Rodeo action warms up a chilly summer day

There were cowboy hats aplenty in Millers Flat yesterday, as well as woolly hats, blankets and winter jerseys and jackets.

It was the 49th annual Millers Flat Rodeo and in stark contrast to the sweltering Christmas Day the region experienced, it was overcast and chilly.

Rodeo club president Blair Johnston blamed the weather for the lighter than usual audience which he estimated to number 1800, about 200 less than last year.

However, the weather did not dim the enthusiasm of the almost 200 cowboys and cowgirls - or the rodeo clown, Festus.

Richard ''Festus'' Robinson, of Dunback, said it was his job to ''make a spectacle of myself and stop people getting bored''.

He has been ''in the sport since I was a wee nipper'', starting off riding the sheep and moving his way up to bullfighter.

For the past 20 years, though, he has donned the bright clothing and face-paint because '' I'm a bit fragile now''.

''It's just something to keep me in the sport ... it's good to come and catch up with everyone. Rodeo is like a big family, really.''

For Brendon Johnston, of Ashburton, yesterday was just his third rodeo, competing in the youth (under 15) steer riding event.

He said his mother, Angela Laing, had brought him to a rodeo when he was 3 years old and he had been hooked ever since.

Although he admitted he was not so sure about one day riding the big 900kg bulls, he was going to continue in the South Island circuit.

First place in the youth steer-riding went to self-confessed ''adrenaline junky'' Libby Bent, of Tai Tapu.

While she was happy with her win, it was bittersweet.

''I'm not allowed to move up to the second division [the next level up in the event] 'cause I'm a female ... it's quite gutting.''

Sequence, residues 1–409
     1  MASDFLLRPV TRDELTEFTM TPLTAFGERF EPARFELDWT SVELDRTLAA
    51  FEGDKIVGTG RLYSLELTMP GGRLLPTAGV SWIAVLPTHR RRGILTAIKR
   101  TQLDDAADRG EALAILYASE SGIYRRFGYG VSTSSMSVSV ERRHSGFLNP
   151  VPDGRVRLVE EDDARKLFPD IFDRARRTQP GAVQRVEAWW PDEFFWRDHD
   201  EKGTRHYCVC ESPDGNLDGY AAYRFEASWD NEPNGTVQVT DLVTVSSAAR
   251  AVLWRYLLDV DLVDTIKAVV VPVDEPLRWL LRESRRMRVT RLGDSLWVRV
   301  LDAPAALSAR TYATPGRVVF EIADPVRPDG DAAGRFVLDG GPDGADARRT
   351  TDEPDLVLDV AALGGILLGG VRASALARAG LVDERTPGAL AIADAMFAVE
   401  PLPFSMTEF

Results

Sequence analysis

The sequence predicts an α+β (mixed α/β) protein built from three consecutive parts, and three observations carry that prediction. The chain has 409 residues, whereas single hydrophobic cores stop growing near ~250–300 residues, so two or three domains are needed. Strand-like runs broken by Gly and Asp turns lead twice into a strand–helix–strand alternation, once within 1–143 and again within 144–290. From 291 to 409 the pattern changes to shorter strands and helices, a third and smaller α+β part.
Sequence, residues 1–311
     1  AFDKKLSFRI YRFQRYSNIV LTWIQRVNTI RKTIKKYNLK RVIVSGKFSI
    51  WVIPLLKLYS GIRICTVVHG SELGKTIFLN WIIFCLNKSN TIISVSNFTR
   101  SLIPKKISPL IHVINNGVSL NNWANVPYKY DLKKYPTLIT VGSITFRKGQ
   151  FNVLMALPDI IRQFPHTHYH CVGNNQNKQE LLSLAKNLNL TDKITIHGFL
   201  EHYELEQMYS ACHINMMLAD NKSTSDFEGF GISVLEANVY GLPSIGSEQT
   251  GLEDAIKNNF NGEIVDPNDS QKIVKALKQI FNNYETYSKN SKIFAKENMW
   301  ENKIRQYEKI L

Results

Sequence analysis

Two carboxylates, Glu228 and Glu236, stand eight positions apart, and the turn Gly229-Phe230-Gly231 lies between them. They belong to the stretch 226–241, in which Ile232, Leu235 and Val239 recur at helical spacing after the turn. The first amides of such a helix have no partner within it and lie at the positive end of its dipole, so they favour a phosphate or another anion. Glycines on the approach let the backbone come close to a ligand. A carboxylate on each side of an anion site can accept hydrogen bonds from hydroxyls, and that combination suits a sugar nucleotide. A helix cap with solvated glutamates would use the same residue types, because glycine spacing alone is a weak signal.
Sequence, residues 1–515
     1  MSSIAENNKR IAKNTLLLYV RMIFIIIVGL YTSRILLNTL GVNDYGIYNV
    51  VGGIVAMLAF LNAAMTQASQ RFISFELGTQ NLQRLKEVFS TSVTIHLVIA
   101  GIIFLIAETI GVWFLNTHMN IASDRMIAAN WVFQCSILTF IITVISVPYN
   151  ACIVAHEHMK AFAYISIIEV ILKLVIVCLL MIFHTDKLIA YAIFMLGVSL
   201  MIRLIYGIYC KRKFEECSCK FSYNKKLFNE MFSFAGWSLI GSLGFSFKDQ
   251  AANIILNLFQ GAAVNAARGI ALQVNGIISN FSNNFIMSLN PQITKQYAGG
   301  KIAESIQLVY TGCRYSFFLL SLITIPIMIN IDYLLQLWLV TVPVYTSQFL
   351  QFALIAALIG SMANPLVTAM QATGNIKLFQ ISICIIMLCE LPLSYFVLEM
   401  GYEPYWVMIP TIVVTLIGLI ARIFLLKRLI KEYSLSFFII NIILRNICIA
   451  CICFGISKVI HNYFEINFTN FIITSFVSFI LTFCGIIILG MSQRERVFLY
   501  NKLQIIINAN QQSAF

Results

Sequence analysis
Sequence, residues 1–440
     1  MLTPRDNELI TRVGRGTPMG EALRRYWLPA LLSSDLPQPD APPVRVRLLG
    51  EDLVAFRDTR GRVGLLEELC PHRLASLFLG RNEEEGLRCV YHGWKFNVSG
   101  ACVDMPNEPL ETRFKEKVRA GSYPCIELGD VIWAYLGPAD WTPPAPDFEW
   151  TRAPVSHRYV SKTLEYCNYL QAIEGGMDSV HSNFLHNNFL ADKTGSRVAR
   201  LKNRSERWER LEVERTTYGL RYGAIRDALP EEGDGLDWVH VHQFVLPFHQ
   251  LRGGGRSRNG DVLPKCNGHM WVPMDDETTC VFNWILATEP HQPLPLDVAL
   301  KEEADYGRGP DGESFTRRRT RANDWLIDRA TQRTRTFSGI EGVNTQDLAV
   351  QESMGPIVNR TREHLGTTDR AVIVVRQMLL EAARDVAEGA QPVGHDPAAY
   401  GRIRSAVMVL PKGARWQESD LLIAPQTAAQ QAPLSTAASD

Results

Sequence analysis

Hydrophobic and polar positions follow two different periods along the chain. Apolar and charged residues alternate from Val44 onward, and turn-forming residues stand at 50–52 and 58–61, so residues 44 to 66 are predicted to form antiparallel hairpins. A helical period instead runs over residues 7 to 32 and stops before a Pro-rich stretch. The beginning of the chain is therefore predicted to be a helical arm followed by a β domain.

She said she was allowed to ride in that class at practice and training days, but not on competition days, although she was determined to do so one day.

''My aim is to get in the open [class].''

No-one the Otago Daily Times spoke to yesterday seemed to know why bull riding was a male-only sport.

Some thought it was a traditional rule that went back quite some time, while others thought maybe it was because of the risk involved.

Not even Mr Johnston knew the answer, although he did agree the risk to both male and female would surely be the same.

He said he thought if a woman wanted to compete in that class, she could make a special application.

The winner of the main event, the open bull ride which Miss Bent hopes to compete in, was Andrew Jamison, of Blenheim. He took home almost $500 in prize money.

St John Te Anau paramedic John Lambeth said there were no serious injuries throughout the day. All were ''consistent with a rodeo''.

He said one cowboy was taken away with two broken wrists and another with a broken collarbone, ''but those guys are all pretty tough''.

Otago SPCA chief inspector Virginia Pine was on duty to ''ensure that codes of [animal] welfare are adhered to''.

She said while SPCA policy was ''against use of animals for entertainment, full stop'', she did not see any breaches of standards yesterday.

Senior Constable Jacqui Lambeth said it was a well-behaved crowd. No arrests were made.

The event was the first of a circuit which will continue in Waimate today.